Wild Swans Japan
Growing up in Ireland, I took swans for granted. Not only can we can see them often, they are an important facet of Irish mythology. And all four of my kids have been up close and personal to them in Ireland. However, in this part of Japan wild swans are rare. And the swans in Kawajima are only there for a few months of the year. Usually from about November to March with prime viewing in December. Numbers peter off from February or March (depending on weather and other factors) as the swans make the 4,000 kilometre journey back to Siberia.
Hurricane flowers are one of zillions of names for the spindly flowers, often red, that grow from the middle to end of September annually in Japan. I personally call them “red spider lilies” in English and “Higanbana” in Japanese, but not everyone knows them by those names. To make Hurricane Flowers in Japan searchable on the worldwide web, I’ve used that term for this post!
Before the swans visit in late Autumn, Hurricane flowers – mainly red ones – grow along the embankments at the entrance to the Kawajima swans. They are about a kilometer from a slightly better known Hurricane Flower spot, although still off the tourist trail, at Tenjinbashi in Kawajima. To be honest, in 2022, the Hurricane Flowers aren’t as full and plentiful as they have been in previous years, but if you are in the area, they maybe worth a stop by.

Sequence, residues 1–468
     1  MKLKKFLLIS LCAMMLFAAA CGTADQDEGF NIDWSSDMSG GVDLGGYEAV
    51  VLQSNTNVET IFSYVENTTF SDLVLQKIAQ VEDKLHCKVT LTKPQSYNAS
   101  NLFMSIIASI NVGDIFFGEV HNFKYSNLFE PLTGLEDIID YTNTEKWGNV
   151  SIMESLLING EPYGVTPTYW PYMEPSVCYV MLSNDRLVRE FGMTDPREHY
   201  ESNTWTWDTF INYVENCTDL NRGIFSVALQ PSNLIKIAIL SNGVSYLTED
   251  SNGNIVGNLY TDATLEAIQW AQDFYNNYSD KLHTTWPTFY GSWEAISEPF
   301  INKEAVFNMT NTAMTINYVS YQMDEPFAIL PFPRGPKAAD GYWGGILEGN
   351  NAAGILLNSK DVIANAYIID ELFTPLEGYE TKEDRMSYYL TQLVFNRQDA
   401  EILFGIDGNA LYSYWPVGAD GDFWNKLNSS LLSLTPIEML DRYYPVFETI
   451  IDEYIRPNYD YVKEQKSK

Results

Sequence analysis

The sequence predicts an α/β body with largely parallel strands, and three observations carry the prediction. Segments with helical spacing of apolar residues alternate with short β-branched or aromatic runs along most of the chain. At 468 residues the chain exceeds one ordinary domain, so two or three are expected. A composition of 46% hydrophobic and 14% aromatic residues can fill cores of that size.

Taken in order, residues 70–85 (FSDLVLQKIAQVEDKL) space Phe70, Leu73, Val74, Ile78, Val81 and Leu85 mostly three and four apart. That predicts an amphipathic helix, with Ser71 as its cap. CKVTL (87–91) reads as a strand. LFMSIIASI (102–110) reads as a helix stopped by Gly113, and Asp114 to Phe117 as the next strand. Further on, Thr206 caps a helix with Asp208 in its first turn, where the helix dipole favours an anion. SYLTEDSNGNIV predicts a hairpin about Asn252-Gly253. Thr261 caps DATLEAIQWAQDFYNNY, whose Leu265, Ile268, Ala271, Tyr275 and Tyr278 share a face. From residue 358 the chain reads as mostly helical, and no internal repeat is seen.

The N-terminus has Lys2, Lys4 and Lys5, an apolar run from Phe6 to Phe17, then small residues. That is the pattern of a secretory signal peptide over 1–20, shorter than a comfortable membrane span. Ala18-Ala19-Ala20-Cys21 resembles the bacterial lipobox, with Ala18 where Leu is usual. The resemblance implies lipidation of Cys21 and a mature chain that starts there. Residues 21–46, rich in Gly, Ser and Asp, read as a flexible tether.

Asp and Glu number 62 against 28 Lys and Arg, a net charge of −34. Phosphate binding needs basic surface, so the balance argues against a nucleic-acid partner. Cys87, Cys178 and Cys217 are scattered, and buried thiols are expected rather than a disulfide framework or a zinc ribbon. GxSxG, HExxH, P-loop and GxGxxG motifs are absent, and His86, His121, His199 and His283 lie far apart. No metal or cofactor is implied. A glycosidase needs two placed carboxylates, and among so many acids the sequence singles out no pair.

There is now even a car park open for people to use when visiting the swans. It is beside the back end of Mitsui Seki parallel to the river past Yahataundo Park. Mitsui Seki is easily identifiable by the shrine on its roof! There are toilets in the Yahataundo Park, which is not actually a park but a small baseball ground.
By public transport it is quite far, but pretty straightforward. You can get a bus from the east exit of Kawagoe station bound for Hachiman Danchi. You pass through Ichibangai, the main Kawagoe thoroughfare on the ride, which delays the journey greatly. Without traffic it is 10 minutes, but the bus takes 40 minutes most of the time. You get off in the danchi and walk down until you see the sign for the swans. It is about a ten minute walk to the turn and about five minutes from there.
- Shimura strawberry picking and flower farm with a play area for kids
- Indoor and outdoor fishing center ideal for children
- Dog Cafe Bokuranote
- Heisei No Mori Park, which has Japan’s longest rose tunnel. There are only a couple of blooms during winter though.
- Fueki Shoyu Kinbue Soy Sauce Park
- Toyama Memorial Museum